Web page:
For us, this was a major reason we selected the au pair program. It’s true; some au pairs prefer to live in a 100% English environment, understandably.

We include “willingness to share your language with our children” as a major criteria when interviewing. I state it directly in my initial email and some au pairs immediately and politely decline. But, I’ve found the majority of au pairs willing, some even excited, at the opportunity.

We made native Spanish speaker a high criteria so have been sent options almost exclusively from Latin America. We’ve had some great choices, including a number of teachers.

As a bonus, we offer to pay her education tuition (up to $100 per month) for the entire time of her stay, even after the initial $500 is gone, which around here happens at month five, for teaching our children Spanish.

For those of you working to raise bilingual kids, I highly recommend the book Bilingual Edge. It gives great strategies and tips, including for families who are not native speakers of the language they are introducing to their children.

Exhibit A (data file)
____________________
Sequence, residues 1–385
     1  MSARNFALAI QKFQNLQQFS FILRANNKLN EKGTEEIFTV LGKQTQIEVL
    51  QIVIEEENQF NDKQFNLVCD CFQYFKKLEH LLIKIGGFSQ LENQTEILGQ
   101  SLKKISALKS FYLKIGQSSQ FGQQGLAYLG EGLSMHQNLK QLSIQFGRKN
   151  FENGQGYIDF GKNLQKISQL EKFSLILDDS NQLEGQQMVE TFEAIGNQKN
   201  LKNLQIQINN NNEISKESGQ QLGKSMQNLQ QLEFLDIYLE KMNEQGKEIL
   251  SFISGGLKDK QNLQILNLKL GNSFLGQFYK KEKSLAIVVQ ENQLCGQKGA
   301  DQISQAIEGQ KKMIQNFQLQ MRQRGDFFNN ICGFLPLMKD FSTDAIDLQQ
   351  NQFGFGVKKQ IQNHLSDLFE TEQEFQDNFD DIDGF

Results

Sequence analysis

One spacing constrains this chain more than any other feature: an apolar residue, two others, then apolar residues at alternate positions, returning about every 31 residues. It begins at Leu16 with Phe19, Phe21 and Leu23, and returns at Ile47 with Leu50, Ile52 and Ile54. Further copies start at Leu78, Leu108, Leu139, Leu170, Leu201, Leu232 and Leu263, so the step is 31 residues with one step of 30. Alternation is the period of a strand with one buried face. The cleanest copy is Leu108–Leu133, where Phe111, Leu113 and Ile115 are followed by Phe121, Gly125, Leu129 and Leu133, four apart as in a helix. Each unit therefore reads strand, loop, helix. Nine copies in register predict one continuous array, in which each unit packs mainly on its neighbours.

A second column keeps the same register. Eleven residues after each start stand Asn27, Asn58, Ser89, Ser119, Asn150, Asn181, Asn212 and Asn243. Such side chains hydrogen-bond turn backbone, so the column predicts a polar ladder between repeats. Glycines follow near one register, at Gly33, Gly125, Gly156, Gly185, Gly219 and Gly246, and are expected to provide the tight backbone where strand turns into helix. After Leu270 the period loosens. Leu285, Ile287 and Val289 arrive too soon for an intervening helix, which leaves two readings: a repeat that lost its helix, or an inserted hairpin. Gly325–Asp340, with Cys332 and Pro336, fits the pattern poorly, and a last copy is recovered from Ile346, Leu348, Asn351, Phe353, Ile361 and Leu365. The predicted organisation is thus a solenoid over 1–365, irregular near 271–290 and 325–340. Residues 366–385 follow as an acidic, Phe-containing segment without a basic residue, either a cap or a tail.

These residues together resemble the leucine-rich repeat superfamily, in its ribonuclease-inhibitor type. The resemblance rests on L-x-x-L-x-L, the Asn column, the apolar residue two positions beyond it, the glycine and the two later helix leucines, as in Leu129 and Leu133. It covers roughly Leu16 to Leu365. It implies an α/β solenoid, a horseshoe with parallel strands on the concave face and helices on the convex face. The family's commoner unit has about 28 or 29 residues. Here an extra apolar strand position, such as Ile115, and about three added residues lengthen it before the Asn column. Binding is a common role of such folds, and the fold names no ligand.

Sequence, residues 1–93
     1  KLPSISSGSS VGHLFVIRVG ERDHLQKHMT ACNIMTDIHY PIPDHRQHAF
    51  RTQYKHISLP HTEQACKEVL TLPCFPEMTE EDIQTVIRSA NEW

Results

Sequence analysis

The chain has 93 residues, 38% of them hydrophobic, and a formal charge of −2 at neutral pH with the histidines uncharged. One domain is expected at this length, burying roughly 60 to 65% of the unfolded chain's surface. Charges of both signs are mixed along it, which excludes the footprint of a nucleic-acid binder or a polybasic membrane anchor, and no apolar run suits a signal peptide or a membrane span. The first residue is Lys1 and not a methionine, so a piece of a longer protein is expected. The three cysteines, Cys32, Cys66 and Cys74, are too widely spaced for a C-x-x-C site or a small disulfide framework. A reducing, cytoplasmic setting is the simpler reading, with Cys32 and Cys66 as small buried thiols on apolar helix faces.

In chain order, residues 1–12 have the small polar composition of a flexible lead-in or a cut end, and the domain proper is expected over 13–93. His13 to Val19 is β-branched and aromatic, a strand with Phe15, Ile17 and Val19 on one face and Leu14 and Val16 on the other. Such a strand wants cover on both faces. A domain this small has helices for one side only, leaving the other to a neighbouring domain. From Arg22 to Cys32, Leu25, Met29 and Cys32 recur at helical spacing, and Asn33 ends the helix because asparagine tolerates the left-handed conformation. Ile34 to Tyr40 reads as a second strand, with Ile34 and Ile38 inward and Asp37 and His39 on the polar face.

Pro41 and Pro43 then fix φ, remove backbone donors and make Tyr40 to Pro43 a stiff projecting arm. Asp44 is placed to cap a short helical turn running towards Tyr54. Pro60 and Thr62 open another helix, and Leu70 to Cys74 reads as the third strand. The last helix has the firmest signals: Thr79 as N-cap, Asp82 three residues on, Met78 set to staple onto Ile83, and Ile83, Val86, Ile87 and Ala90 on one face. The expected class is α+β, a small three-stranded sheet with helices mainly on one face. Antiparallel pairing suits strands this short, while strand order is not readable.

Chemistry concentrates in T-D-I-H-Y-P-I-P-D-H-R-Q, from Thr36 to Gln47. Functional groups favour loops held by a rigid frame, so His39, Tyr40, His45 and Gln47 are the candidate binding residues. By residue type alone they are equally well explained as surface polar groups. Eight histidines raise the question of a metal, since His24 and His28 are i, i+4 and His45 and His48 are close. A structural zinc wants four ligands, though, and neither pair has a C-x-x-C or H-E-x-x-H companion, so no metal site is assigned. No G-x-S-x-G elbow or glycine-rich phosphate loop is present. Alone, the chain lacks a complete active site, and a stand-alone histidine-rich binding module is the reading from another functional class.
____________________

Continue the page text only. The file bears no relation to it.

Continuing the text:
Regarding driving, I think this is more a city-country and age thing. If you find a great au pair from a major city (like Bogota) she is likely to be a strong driver and will probably find US roads sane and safe.

In addition to looking for a young lady who is a native Spanish speaker, willing to teach her language to our children, ideally with a background or interest in education/child development, we also only look at young ladies who are at least 21 years old.

Yes; this limits choices. But so far, the formula has worked for us.

CCHostMom November 2, 2009 at 2:03 pm

Thanks, DCHostMom, I appreciate your perspective! We want to raise our kids bilingual too, so I absolutely get where you’re coming from. It’s good to know another HF has had success with this.

NewHostMomtoBe November 2, 2009 at 2:11 pm

“For those of you working to raise bilingual kids, I highly recommend the book Bilingual Edge. It gives great strategies and tips, including for families who are not native speakers of the language they are introducing to their children”.

Thank you DC HostMom for sharing this info! I think I will buy the book today. Thank you also for sharing your experience with us. :}

NewAP Mom November 2, 2009 at 3:00 pm